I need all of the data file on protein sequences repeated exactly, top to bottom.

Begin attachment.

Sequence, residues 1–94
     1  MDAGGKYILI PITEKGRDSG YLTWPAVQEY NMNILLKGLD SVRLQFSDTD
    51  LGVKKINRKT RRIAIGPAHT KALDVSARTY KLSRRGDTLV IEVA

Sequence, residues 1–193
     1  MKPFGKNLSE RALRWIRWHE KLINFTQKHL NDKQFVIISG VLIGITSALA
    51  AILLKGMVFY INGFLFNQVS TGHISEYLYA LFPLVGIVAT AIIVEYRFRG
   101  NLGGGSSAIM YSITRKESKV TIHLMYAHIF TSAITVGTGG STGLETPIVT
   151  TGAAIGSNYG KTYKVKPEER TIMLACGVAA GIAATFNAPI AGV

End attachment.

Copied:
Sequence, residues 1–94
     1  MDAGGKYILI PITEKGRDSG YLTWPAVQEY NMNILLKGLD SVRLQFSDTD
    51  LGVKKINRKT RRIAIGPAHT KALDVSARTY KLSRRGDTLV IEVA

Sequence, residues 1–193
     1  MKPFGKNLSE RALRWIRWHE KLINFTQKHL NDKQFVIISG VLIGITSALA
    51  AILLKGMVFY INGFLFNQVS TGHISEYLYA LFPLVGIVAT AIIVEYRFRG
   101  NLGGGSSAIM YSITRKESKV TIHLMYAHIF TSAITVGTGG STGLETPIVT
   151  TGAAIGSNYG KTYKVKPEER TIMLACGVAA GIAATFNAPI AGV